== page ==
This day had a lot of interesting papers, but some of the presentations were disappointing: they spent their time on uninteresting aspects of their work, or handwaved over critical details.
That said, most of the work on passwords was compelling, and if you read to the end there’s a cranky rant about the panel discussion.
Privacy and Anonymity
I missed the train that would have gotten me to SF in time for this talk by one lousy minute.
These folks had a set of client-only modifications to Tor that, they claim, both improve latency and add robustness against “profiling attacks.”
Their latency-reduction shtick is to record propagation delay in between all Tor relays, and then choose paths with probability inversely proportional to overall delay; they call this “Weighted Shortest Path” selection. This does increase the risk of using a path with compromised relays; they allow the user to tune the proportionality constant to trade off anonymity for latency or vice versa, and they also group relays into geographic clusters for WSP and choose randomly within a cluster. They didn’t attempt to analyze the odds of getting a compromised relay, that I saw, though. They claim 20% improvement in median latency—that’s relative to the baseline Tor algorithm, which imposes a 500% median latency penalty relative to unmasked web surfing.
They define “profiling attack” as: unmasking anonymous Tor users by
correlating traffic to the entry node with traffic from the exit node.
Because Tor relays are not uniformly distributed over the network’s
topology, this is plausibly possible for an AS operator, who may control routers that sit between
the Tor client and the entry, and routers that sit between the Tor
exit and the destination site. Of course there is nothing to be done
when the ultimate source and ultimate destination are in the same AS,
but that’s unusual. By default, Tor ensures that no two relays are in
/16, which (they say) misses 50% of shared ASes. AS-path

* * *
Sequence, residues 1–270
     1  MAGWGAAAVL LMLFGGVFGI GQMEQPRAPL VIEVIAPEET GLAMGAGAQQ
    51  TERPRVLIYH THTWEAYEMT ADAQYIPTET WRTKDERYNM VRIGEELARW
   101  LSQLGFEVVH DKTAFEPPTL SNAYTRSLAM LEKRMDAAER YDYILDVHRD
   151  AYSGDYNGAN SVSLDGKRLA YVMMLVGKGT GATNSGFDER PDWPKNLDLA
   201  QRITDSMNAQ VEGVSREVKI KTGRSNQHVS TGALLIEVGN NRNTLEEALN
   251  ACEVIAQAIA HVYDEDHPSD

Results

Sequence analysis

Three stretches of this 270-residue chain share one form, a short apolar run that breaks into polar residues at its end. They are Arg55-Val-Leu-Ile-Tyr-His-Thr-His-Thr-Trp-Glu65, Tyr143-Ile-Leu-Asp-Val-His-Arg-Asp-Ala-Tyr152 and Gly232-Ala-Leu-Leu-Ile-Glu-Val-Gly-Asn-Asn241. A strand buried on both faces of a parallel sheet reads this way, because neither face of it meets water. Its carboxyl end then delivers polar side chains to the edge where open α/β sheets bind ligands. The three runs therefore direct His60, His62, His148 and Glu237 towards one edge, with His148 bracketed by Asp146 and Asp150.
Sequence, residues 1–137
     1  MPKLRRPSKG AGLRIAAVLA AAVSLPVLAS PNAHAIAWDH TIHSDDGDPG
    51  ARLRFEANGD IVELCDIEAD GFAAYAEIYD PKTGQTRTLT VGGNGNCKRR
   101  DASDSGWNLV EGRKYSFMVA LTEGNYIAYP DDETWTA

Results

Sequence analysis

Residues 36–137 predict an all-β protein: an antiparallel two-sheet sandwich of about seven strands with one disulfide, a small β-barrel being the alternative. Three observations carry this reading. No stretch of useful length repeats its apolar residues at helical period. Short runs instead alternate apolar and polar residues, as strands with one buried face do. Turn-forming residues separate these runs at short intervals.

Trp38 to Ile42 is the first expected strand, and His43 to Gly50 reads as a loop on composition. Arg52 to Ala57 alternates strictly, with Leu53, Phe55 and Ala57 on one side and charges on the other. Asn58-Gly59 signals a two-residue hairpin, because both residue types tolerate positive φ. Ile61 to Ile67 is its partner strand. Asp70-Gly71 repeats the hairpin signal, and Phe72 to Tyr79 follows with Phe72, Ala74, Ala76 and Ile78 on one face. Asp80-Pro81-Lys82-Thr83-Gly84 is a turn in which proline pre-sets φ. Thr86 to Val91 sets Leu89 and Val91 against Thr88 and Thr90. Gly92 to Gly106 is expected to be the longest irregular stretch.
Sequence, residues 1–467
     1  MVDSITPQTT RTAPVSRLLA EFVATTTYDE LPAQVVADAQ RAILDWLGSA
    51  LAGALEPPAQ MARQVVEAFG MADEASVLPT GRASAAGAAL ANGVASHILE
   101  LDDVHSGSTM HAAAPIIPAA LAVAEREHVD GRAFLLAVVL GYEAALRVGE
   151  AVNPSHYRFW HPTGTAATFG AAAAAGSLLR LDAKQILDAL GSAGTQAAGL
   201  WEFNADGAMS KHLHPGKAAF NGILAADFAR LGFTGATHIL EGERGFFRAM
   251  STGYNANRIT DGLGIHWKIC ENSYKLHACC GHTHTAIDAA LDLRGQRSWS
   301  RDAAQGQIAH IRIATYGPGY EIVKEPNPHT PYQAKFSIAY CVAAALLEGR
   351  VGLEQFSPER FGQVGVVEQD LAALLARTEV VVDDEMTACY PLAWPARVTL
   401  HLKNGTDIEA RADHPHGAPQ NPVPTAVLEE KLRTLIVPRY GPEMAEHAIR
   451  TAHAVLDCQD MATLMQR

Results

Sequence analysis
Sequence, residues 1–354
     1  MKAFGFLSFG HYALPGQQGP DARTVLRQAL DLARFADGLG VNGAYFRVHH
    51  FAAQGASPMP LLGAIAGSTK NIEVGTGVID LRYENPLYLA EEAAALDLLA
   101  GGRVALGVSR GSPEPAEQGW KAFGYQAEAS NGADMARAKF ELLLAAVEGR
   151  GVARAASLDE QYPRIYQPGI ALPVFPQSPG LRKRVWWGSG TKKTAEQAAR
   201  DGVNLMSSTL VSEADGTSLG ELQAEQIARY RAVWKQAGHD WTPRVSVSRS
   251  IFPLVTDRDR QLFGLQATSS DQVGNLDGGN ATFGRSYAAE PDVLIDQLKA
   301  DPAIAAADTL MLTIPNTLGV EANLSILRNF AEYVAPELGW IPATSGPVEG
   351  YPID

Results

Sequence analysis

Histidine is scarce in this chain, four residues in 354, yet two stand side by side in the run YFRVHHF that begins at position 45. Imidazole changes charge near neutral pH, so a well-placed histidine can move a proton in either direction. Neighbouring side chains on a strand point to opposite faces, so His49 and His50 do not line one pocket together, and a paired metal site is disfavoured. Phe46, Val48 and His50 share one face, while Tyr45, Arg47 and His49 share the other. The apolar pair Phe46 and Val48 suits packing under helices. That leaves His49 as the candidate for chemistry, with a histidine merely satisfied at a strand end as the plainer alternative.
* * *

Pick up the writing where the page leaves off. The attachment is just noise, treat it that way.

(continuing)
prediction is known to be hard, with the best known approaches only
70% correct; they claim an improvement to 90% (median) but glossed
over the details.
An audience member asked: if all clients switch to WSP, won’t that overload the relays on the shortest paths? The speaker did not appear to understand the question.
Database searches reveal sensitive information. This paper surveys one class of techniques to prevent this, which is based on generating “dummy queries” to obscure what was really searched for. They find all existing techniques wanting, and offer a systematization of “features that should be considered in security evaluation” of this type of design, hoping that people will do better in the future.
I couldn’t make much sense of this talk because the speaker talked very fast, the slides were in illegibly tiny type, and I’m not previously familiar with the topic. However, the basic problem seems to be that it’s not terribly hard to distinguish dummy queries from real queries, especially for an adversary who knows what system is in use.
These folks are also trying to improve on Tor’s latency issues, but they’re doing it by weakening the adversary model: they only care about protecting against remote tracking by the destination host of any given TCP connection. To this end they have developed their own mixmaster scheme which only conceals the initial prefix of the route from the client to the server. They also go to some length to avoid increasing the overall path length, minimize cryptographic operations, and minimize state carried at intermediate relays. They claim an anonymity set on the order of 216 client-hosts by concealing the first hop; 224 with two hops, 228 with three, and not much improvement beyond.